I already said this, but this was one action-packed and exciting installment. We’ve got wedding planning shenanigans, we get to see Kate and Curran work through their relationship drama (showing a lack of perfection which is always appreciated), an oracle that comes bearing quite a bit of bad news, Kate’s ongoing understanding of her vast powers and fighting against the lure of becoming exactly like her father, and the hilarious dynamic between Kate and her father, Roland. Sure, Roland is setting up a future war between him and Kate, but their banter back and forth is laugh out loud funny.

“Father, you are sending mixed signals. You dispatched a woman to murder me today and now you’re upset about my wedding reception?”

There’s additional amusing banter between Kate and… well, it’s a bit of a spoiler. But just be aware that there is much banter. And it’s oh so good. There’s also a Pegasus named Sugar that is QUITE a character.

‘At least I had stopped worrying about Sugar flying off and leaving me to fend for myself. She seemed to find me amusing and stuck around. I’d learned to sneak off before taking a bathroom break, however, because she decided that pawing at me with a hoof after I found a secluded spot to pee was the funniest thing ever.’

We’re given a bit of a cliffhanger which was honestly to be expected with the second to last installment but it left me feeling CONFLICTED.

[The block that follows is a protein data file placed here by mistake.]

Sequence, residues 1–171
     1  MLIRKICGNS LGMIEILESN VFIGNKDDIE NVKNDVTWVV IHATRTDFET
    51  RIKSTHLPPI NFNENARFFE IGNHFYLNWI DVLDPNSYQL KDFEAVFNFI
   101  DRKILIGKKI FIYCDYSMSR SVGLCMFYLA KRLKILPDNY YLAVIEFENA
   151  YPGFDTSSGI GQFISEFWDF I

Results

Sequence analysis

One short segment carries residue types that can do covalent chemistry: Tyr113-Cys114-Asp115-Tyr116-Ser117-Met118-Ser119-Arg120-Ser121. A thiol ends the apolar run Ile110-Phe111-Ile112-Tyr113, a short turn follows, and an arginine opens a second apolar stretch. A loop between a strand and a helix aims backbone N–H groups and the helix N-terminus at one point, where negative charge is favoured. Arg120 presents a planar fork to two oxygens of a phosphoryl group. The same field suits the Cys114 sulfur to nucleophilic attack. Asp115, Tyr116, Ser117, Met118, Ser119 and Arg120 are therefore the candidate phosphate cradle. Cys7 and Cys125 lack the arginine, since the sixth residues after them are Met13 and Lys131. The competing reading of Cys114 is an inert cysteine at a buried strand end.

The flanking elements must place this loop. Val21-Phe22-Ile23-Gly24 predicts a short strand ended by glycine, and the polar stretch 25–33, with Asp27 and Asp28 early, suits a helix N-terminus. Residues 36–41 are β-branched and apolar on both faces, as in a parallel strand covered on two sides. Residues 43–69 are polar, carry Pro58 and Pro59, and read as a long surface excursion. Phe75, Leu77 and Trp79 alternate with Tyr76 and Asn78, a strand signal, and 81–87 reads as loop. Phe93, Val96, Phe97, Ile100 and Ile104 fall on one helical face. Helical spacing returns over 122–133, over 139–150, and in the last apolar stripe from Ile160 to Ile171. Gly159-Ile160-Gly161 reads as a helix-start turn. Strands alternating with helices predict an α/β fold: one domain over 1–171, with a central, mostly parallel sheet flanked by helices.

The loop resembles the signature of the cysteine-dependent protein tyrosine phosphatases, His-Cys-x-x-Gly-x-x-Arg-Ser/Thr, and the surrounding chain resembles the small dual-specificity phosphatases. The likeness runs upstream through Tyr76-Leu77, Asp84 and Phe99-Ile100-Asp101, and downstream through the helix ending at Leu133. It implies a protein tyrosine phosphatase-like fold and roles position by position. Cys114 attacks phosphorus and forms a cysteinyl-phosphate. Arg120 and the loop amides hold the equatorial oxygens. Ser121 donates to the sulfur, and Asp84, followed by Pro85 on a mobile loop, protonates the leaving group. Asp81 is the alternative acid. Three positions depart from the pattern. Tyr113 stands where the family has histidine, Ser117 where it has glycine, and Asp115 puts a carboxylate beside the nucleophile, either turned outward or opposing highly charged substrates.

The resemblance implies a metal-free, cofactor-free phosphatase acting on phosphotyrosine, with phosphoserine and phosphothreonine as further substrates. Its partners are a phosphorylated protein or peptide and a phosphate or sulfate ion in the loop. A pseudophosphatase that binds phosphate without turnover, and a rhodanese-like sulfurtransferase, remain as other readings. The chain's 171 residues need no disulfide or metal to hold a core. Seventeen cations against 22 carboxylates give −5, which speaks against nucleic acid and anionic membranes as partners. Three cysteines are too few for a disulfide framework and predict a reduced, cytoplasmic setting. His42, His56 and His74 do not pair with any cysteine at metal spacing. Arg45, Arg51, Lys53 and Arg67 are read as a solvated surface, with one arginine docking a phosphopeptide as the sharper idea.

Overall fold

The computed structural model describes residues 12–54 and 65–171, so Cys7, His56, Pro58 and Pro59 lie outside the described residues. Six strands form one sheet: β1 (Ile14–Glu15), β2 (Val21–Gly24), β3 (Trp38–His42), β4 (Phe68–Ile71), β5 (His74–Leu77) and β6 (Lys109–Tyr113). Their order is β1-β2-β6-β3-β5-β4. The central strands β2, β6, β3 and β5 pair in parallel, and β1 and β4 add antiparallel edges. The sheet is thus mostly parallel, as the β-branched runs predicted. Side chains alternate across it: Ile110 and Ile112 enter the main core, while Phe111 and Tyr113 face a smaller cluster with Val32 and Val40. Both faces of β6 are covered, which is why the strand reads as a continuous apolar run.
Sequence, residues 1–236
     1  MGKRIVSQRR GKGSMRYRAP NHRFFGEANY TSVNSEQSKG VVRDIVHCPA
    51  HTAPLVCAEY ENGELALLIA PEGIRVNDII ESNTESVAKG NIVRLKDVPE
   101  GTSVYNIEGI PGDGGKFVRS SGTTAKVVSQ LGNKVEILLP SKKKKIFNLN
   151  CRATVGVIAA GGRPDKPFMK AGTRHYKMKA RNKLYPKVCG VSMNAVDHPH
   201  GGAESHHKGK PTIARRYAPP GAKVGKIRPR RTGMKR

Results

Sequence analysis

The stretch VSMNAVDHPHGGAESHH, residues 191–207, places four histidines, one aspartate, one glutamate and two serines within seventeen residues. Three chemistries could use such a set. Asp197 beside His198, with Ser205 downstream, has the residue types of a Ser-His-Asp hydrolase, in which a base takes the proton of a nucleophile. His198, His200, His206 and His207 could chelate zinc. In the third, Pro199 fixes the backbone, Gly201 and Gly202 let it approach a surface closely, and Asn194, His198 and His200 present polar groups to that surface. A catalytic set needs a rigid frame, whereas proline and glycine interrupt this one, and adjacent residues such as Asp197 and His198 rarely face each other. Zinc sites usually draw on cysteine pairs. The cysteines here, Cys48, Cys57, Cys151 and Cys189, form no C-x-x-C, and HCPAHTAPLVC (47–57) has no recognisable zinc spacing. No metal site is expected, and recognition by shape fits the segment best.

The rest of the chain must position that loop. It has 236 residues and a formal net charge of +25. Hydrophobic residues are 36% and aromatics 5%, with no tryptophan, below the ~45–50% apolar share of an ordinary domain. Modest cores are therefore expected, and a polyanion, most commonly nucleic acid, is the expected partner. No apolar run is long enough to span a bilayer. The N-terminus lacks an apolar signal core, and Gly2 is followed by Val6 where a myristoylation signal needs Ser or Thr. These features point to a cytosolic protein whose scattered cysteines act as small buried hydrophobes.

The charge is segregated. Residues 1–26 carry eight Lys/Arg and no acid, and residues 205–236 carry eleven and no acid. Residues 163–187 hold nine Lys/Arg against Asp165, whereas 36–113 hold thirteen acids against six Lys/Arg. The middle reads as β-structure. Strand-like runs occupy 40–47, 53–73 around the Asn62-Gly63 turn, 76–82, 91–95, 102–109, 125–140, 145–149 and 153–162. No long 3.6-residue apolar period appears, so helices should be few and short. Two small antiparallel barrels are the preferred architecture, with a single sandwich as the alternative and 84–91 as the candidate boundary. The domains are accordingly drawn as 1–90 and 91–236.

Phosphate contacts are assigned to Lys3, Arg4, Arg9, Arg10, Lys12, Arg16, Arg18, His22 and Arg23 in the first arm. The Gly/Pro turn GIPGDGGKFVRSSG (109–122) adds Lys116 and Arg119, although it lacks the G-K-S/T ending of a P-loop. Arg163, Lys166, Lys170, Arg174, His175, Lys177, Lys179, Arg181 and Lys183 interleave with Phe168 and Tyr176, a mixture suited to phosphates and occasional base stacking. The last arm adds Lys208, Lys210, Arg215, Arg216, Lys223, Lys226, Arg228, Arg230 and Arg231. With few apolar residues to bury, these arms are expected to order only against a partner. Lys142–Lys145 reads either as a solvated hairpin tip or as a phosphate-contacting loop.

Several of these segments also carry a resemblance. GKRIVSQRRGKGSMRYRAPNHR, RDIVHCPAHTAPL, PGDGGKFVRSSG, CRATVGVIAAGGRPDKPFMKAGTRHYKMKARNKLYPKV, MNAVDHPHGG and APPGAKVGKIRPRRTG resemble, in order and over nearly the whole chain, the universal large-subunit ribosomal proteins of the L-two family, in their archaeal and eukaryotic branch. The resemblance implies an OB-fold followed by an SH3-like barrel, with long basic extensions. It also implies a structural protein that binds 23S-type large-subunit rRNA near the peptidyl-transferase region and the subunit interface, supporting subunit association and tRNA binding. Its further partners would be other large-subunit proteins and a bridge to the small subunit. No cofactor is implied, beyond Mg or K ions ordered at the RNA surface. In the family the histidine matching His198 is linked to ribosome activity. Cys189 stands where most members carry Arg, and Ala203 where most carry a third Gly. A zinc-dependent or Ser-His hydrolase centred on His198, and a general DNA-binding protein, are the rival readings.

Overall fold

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Both. Definitely both.

We’ll see how it all plays out… sometime in 2017. Until then, let’s all start hoping and wishing for a spin-off series.

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Waiting on Wednesday – The Burning World (Warm Bodies #3) by Isaac Marion

August 24, 2016 Bonnie Waiting on Wednesday 2 Comments

Waiting on WednesdayWaiting on Wednesday – The Burning World (Warm Bodies #3) by Isaac MarionThe Burning World by Isaac Marion
Series: Warm Bodies #3
Published by Atria/Emily Bestler Books on February 7th 2017
Pages: 512
Genres: Dystopian/Post-Apocalyptic, Zombies
Format: Hardcover
Amazon|B&N|Book Depository
Goodreads

Being alive is hard. Being human is harder. But since his recent recovery from death, R is making progress. He's learning how to read, how to speak, maybe even how to love, and the city's undead population is showing signs of life. R can almost imagine a future with Julie, this girl who restarted his heart—building a new world from the ashes of the old one.

And then helicopters appear on the horizon. Someone is coming to restore order. To silence all this noise. To return things to the way they were, the good old days of stability and control and the strong eating the weak. The plague is ancient and ambitious, and the Dead were never its only weapon.